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... About Hearing Aids
Copyright Hearing Health Card 2012
Just as eyeglasses are used to correct most vision problems, hearing assistive devices (Hearing Aids) are used to treat most types of hearing loss. Finding the best solution begins with a hearing screening. Once you know the nature and extent of the hearing loss, a hearing aid specialist will able to help and you advise you of the best solution for you lifestyle and budget.
... About Hearing Aids
Hearing Aid Info
If you suspect or know that you or a loved one has hearing loss, the first step is to get tested.
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About Hearing Aids - Batteries
What are common hearing aid battery sizes?
Hearing aid batteries come in sizes are 10, 13, 312 and 675. To identify the size, most manufacturers use an industry standard color code on their zinc air tabs and packaging.
How long should my hearing aid battery last?
Battery life is determined by the type and amplification of your hearing aid as well as the hours you wear your hearing aid. Your hearing care professional can tell you the battery life you can expect.
What is the best way to store hearing aid batteries?
You should store your hearing aid batteries at room temperature. Avoid storing your batteries in hot places since heat will shorten the life of the batteries. Refrigeration is also not recommended. Batteries should not be carried loose in your pocket or purse. If a battery inadvertently comes into contact with a metal object such as coins or keys the battery may charge, leak or in rare incidences even rupture. To prevent this from occurring keep unused batteries in the original packaging or in a battery holder.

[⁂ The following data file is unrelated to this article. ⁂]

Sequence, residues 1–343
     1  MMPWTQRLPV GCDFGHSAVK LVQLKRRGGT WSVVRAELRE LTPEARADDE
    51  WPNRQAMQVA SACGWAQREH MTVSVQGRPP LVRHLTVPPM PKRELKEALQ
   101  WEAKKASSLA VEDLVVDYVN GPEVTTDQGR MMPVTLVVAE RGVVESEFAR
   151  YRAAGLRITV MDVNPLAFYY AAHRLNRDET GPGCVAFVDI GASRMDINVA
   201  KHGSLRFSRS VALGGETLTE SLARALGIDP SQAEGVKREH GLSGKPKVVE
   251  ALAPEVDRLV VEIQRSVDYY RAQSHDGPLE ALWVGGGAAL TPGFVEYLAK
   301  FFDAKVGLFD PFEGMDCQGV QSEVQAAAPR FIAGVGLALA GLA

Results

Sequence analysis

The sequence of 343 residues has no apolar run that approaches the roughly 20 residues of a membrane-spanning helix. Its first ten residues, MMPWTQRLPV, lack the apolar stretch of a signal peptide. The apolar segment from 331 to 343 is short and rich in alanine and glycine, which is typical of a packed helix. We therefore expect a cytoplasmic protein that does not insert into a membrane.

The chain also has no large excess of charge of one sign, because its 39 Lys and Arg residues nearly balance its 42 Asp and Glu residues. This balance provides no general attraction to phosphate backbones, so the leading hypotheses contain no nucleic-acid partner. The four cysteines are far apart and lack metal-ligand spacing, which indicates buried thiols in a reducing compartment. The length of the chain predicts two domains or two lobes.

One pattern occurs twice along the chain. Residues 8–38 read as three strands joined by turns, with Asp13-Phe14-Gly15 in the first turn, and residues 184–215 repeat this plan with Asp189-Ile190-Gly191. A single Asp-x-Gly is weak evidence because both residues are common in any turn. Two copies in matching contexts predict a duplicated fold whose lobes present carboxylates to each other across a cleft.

What is the purpose of the tab on my Zinc Battery?
A zinc air battery uses air outside the battery as a source of power. The factory applied tab seals the air holes in the battery and ensures freshness until you are ready to use the battery. Do not remove the tab until you are ready to use the battery. To activate the battery, you simply remove the tab. After removing the tab, wait about one minute prior to inserting the battery into your hearing aid. This allows sufficient time for the air to enter and activate the ingredients. Replacing the tab when the battery is not in use will not extend the battery life.
About Hearing Aids - Terminology
Allow you to hear better in noisy places, such as restaurants. (They reduce sounds from behind, so that they do not interfere with the sound in front of you) Directional microphones may be automatic, your hearing aid would them on when the sound level in the room gets too loud. Or adaptive, which means they have the ability to follow moving sounds, or reduce several different sounds at the same time.
Reduces the amplification in frequencies where there is noise but no speach. If there is a background noise like a refrigerator or fan, the hearing aid will not amplify it as much as speech.
There are two types of memories available on a hearing aid, manual and automatic. Many hearing aids have a button that allows you to select different settings (memories) for different situations such as quiet places, noisy places, and music or telephone. More advanced hearing aids may have automatic memories. Instead of pushing a button, the hearing aid does it for you! Some hearing aids have a combination of both.
A hearing aid user may experience feedback when they put their hand over their ear, or when they use the phone. Feedback cancellation reduces the amount of feedback you may experience.
Bands are what is used to adjust the volume in a hearing aid. More bands means more control when we program the hearing aid to your hearing loss.